6. Yup. One loss, possibly due to a bad game but Everton were just as bad as we were, and all is doom and gloom. It’s a long ways to May my friends. Let’s see what Sunday brings.

  7. I’d have to agree with those saying we’ve been outplayed in many of our games this season. The difference is we’re getting results, however undeserved they may seem. We’ve shown fortitude to come from behind and we’ve been scoring quite a few crucial late goals. In seasons past, how often would we play a team off the pitch, only to come out with a draw or a loss? Obviously I’d like to play beautiful football and win every game, but when it comes down to it, I’d rather win ugly than look good losing. The Everton result was extremely frustrating, but on the whole, it’s our second league loss of the season. I don’t see any reason to give up on the entire season on the back of a poor result.

    Remember how shockingly average the last title winning United squad was? There were plenty of matches they didn’t “deserve” to win, but guess what? They did. They ground out results and we had to give that Dutch dickhead a guard of honor at the Emirates.

    Anyways, let’s try to keep a level head, this isn’t the end of our season and it certainly isn’t the end of the world.

      1. In a world without spam filters, I’m sure we could come up with much nastier, yet equally appropriate names for RVP. The traitorous ____________.

        1. dullard, polluted with his lusts, stained with the blood of innocents, corrupt and tainted with a thousand vices.

          (courtesy Shakespeare)

  8. Just caught myself missing Wilshere. Carzola too. Both for the sake of Ozil who can only flourish when he has intelligent and technically gifted players around him.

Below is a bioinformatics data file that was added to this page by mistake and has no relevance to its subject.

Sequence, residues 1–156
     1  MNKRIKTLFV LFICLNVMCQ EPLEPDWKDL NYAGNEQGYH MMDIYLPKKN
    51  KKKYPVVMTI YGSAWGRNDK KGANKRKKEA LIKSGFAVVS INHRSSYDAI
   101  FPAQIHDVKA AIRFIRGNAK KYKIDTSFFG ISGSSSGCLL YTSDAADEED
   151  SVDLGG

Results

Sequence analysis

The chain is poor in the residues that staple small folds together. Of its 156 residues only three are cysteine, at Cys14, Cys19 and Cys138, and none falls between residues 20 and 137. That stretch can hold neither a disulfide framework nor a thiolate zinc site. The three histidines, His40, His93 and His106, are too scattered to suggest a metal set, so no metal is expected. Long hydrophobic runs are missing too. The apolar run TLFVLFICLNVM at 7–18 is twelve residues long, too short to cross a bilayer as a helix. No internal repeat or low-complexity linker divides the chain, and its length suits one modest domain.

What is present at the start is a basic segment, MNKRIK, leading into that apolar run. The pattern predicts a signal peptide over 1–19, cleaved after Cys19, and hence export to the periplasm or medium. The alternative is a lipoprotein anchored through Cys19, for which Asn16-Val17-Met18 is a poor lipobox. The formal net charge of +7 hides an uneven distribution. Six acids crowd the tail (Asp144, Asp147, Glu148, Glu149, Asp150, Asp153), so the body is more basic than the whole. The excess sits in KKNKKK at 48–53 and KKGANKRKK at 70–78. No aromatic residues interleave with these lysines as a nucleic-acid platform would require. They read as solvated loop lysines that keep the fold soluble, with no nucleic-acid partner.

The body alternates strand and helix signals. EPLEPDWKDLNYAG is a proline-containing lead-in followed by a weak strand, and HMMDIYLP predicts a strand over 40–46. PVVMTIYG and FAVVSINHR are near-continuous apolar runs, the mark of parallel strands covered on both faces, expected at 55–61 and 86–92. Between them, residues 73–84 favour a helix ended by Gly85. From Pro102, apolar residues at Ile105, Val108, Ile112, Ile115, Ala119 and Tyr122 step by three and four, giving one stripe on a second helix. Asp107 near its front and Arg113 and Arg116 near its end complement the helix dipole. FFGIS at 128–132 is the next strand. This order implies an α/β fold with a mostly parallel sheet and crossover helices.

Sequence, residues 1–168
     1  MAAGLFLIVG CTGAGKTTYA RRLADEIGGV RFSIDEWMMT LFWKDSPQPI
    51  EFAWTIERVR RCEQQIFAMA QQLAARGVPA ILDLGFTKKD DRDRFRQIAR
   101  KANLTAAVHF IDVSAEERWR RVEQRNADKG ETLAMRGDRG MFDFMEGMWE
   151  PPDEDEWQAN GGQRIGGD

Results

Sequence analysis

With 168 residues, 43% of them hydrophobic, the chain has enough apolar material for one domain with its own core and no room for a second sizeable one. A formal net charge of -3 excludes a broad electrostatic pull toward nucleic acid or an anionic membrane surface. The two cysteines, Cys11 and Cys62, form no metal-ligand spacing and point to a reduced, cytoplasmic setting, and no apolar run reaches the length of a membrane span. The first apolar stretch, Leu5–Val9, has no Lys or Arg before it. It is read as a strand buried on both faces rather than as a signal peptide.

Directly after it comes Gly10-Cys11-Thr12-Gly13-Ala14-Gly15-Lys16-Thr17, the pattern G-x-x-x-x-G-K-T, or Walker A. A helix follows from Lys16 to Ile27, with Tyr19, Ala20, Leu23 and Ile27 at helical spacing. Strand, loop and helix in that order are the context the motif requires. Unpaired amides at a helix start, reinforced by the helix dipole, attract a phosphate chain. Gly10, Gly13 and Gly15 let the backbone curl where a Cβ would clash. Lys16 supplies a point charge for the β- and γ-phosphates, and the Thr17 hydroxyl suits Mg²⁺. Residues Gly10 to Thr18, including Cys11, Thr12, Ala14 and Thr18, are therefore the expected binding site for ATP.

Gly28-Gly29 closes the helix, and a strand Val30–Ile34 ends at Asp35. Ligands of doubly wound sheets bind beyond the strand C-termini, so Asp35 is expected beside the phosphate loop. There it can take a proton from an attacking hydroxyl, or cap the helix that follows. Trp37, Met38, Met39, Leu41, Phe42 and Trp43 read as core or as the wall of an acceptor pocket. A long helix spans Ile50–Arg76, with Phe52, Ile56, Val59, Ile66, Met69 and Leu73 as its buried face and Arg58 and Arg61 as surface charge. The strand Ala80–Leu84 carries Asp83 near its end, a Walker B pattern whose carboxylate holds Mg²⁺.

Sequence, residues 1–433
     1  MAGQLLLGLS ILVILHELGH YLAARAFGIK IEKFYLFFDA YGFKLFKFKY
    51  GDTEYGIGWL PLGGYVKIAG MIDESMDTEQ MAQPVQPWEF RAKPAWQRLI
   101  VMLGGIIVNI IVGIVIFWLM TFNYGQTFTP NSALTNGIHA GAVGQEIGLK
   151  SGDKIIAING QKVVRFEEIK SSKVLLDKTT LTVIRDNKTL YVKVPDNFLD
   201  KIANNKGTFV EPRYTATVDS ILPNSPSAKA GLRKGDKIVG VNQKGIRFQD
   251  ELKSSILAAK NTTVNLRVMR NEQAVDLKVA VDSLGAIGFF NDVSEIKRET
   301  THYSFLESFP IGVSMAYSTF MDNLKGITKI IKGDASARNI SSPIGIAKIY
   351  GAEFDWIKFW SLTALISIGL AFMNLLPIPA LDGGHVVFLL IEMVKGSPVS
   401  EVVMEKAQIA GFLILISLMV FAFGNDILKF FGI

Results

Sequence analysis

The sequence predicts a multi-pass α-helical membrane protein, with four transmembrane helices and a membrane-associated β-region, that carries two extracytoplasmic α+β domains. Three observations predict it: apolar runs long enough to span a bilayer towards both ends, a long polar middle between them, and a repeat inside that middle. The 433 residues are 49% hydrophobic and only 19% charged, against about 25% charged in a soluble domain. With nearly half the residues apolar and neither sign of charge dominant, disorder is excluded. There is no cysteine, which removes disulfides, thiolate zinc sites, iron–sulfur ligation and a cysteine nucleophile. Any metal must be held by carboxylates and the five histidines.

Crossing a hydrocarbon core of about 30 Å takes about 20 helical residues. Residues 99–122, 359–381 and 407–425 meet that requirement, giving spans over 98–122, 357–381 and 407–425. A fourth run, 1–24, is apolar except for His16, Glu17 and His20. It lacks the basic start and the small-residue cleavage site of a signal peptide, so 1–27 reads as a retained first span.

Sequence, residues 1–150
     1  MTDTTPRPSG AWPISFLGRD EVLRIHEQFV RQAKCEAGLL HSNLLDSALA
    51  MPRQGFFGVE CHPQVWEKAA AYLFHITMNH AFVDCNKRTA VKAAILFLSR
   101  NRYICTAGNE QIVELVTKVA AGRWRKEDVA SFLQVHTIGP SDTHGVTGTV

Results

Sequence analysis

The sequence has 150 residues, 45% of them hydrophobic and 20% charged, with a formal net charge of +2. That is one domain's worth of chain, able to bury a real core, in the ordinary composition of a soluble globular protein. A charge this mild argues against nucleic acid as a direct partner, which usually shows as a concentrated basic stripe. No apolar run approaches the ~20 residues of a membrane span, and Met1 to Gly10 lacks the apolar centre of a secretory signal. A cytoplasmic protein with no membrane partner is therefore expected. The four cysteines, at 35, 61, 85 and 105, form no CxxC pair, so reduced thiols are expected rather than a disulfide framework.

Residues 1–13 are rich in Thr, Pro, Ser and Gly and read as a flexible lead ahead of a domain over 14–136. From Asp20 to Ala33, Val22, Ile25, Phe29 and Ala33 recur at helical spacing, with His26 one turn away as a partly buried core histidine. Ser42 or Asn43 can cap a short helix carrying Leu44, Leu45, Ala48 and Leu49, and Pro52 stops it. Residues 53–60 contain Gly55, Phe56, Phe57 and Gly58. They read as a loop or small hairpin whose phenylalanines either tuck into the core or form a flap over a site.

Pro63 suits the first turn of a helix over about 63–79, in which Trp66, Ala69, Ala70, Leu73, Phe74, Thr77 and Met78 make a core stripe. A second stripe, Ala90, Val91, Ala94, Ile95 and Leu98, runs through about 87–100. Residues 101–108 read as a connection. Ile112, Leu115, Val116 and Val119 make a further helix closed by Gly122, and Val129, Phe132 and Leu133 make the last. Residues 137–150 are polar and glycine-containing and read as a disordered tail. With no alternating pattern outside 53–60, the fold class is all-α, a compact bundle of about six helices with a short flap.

Ox is technically gifted but I don’t know about his playing intelligence. Walcott’s technical quality is not quite up there.

    Carzola’s positive effect on the team has a lot to do with his effect on Ozil. We need the kind of players that can raise Ozil for him to raise the team.

  9. Off topic but but will Ramsey ever be more than a squad player for us? I’m not talking about his quality or lack thereof but his injury record. Once he got injured from being rushed back from Euro 16, we were very careful in essentially giving him an offseason to recover and then building his fitness slowly and carefully. Since he’s been back, he’s not been an automatic starter. And yet he’s picked up a hamstring injury in training and been unavailable for us again. He’s clearly got an underlying issue and is prone to picking up muscular injuries.

    I actually rate him as a good player but our medical staff and/or training methods clearly are not conducive to keeping Ramsey fit and available. And I’m not necessarily blaming our medical staff, it could be that Ramsey is just one of those players who simply can’t withstand the physical rigors of top flight football. I’d be loathe to sell him but maybe it would be good for both Ramsey and Arsenal to sell him on.